Visiting the strike of West Virginia teachers

I just arrived in time for the last day of the teachers’ strike here. Spent the day at the state capitol building with several thousand teachers. I was told that yesterday – Monday – the building was so packed with teachers that you couldn’t walk from one side of the hall to the other. But even today, there were a lot of teachers here. The mood was celebratory; I think they could smell victory.

One thing you have to hand it to them: They were demanding a 5% pay raise for ALL state employees, not just teachers.

Whereas some (see interview with teacher) were saying that the 5% was not the issue, that the real issue was health insurance – PEIA – that wasn’t the mood today. I asked one teacher about that, and she said that that might have been true before, but once the Legislature turned down the 5%, then that became the marker.

A huge issue for many people in other parts of the country will be the fact that Trump got a massive majority in W. Virginia. I asked everybody I talked with about that. One teacher said that some of her co-strikers were thinking that Trump would come down there to give them support.

What I asked teachers was this: “A strike means like the Three Musketeers – ‘all for one and one for all’ – whereas the mentality that has gained steam in the country is ‘one for one and the devil take the hindmost; if I have to get ahead by stepping on you, then so be it.’  It seems that many politicians have built themselves up based on that mentality, and that includes the president. So, the question is whether people being involved in this strike, whether this experience will start to bring out a different side of themselves.” People seemed to agree with me, but I’m not sure if they were just being polite.

I talked with one guy, a school bus driver, actually, and his school teacher wife, who kind of agreed but seemed to think it might for the moment but then they’d return to the old way,w high was deeply inset. He said that for many, there were three things that mattered: “guns, god and gays.” He and his wife did agree, however, that if this strike is part of, helps lead to a wider movement then it will change that thinking.

the overwhelming majority (over 90%) of the teachers there were women. While we were rallying in the hall, various people got up to speak. Every single one of them was a man. I commented on this to a few teachers, and they had noticed it also. But there was an overwhelming mood that that, and a lot else, will change come November, meaning that a lot of these people will be voted out.

I also interviewed three high school students, two young men and a young woman. The young woman at first deferred to the two guys, but I got on her case. “Come on, now,” I said. “This is anew day. You can’t let the guys do all the talking for you!” She smiled in agreement and then gave a very good statement.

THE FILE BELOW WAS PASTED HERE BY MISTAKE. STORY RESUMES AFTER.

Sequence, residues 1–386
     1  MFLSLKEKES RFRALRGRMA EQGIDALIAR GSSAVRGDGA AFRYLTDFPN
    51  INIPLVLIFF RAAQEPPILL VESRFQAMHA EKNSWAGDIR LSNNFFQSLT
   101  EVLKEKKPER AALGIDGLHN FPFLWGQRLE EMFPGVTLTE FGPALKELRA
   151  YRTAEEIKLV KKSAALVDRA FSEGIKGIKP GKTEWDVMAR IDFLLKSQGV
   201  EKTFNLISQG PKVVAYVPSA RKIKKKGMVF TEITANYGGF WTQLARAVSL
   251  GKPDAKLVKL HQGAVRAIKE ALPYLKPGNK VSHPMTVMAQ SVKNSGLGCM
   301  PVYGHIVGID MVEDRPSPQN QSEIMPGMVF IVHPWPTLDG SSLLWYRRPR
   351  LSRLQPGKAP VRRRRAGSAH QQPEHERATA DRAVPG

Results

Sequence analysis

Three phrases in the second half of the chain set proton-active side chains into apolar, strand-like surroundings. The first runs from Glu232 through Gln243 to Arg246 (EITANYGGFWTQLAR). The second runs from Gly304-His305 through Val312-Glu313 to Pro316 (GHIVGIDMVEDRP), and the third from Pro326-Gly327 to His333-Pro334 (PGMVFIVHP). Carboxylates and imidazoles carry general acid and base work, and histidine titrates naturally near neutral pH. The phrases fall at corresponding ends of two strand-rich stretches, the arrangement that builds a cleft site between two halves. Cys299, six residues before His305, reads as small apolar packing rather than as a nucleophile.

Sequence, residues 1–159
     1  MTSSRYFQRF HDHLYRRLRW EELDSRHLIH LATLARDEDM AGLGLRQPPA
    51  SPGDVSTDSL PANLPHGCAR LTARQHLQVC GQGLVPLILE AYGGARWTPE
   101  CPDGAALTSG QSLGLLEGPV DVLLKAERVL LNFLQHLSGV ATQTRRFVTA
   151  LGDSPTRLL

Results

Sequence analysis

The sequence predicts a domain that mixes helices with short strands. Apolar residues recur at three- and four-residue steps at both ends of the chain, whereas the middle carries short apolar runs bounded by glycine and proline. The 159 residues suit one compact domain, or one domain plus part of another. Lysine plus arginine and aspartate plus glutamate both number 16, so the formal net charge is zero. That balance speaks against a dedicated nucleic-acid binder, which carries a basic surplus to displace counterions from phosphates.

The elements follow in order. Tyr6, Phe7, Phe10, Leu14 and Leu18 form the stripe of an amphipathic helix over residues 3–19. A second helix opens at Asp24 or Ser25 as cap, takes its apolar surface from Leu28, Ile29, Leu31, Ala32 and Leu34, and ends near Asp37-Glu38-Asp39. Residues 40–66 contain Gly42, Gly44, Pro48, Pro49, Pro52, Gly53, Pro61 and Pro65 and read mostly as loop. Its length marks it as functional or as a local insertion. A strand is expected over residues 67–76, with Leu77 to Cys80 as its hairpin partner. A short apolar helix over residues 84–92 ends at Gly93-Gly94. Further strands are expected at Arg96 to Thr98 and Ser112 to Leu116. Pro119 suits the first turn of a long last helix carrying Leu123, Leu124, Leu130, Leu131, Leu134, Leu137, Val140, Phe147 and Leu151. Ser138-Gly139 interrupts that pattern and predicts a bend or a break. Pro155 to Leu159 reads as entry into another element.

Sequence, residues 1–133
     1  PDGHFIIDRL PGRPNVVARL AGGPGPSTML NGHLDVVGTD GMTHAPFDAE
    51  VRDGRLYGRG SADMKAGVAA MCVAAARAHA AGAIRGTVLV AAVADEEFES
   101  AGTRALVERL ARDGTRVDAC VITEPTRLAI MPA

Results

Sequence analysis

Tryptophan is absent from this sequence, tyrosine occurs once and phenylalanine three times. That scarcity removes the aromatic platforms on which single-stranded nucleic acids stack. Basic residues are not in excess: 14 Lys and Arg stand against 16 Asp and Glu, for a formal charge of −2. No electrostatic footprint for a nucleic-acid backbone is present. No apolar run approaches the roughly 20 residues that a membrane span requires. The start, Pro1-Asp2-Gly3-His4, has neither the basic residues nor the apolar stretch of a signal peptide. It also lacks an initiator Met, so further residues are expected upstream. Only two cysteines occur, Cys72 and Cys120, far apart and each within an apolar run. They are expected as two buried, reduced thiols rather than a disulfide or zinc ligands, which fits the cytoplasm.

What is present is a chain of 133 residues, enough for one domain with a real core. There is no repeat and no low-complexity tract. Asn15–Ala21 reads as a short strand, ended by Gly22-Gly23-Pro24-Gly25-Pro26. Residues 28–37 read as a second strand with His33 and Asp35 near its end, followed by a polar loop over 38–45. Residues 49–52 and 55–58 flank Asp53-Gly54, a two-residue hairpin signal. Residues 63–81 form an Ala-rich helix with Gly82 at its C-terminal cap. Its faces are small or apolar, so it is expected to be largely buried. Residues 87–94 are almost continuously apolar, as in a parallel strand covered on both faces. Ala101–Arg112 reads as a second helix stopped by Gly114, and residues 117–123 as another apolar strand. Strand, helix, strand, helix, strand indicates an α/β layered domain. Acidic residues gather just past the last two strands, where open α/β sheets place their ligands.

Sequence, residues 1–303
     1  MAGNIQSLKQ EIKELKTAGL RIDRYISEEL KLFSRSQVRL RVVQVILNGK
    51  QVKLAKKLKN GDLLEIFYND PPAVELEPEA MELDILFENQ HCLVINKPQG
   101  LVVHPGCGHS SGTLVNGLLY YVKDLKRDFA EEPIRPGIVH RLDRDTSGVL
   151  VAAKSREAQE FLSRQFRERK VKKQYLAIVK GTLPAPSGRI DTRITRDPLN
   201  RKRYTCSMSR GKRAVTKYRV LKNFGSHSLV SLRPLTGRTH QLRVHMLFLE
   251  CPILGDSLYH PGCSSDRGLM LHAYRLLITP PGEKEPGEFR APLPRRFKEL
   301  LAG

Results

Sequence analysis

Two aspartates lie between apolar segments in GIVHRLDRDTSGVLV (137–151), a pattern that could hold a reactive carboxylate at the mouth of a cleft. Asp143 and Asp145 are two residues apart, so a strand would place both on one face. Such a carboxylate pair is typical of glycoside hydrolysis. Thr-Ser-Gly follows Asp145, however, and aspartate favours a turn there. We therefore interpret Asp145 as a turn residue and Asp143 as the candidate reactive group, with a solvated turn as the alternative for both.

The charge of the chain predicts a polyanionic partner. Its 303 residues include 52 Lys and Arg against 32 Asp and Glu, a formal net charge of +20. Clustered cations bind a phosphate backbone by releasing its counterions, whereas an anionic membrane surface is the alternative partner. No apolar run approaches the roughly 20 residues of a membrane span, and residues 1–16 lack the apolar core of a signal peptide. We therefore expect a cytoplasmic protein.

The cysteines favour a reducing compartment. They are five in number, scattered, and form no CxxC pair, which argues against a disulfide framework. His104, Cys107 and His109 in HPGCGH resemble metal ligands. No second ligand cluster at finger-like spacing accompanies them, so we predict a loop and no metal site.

As the politicians emerged from their session after having voted in the 5%, they were greeted with overwhelming enthusiasm – cheers, dozens of people wanting to have selfies of themselves and these politicians. Of course, the politicians ate it up, waving, smiling, pretending that they were conquering heroes. It was similar at the signing ceremony.


A number of teachers mentioned the strike that had happened in the earlier ‘90s. One said that the AFT made huge headway, gained a lot of new members, during that strike. One teacher commented that she was a member of the NEA, but that the local AFT had kept her on their list as far as keeping her informed on things ever since the ‘90s. She was very grateful for this and said that she’s now going to join the AFT. There seemed to be great support for “the union” and little of the disillusionment that exists in other parts of the country.

Some Conclusions

Quite a few teachers are aware that teachers in Oklahoma are talking about going on strike. With high school students rising up against the shootings and the role of the NRA, with the Me Too movement, and with the years-long campaign of Black Lives Matter, it may be that a new wave of struggle is starting to develop.

One point: Oklahoma teachers were saying that they’re not worried about getting fired because Texas is looking for teachers. Several West Virginia teachers expressed a similar sentiment. In other words, the low unemployment is starting to have an affect as far as boosting confidence. That will only multiply if inflation starts to take off.

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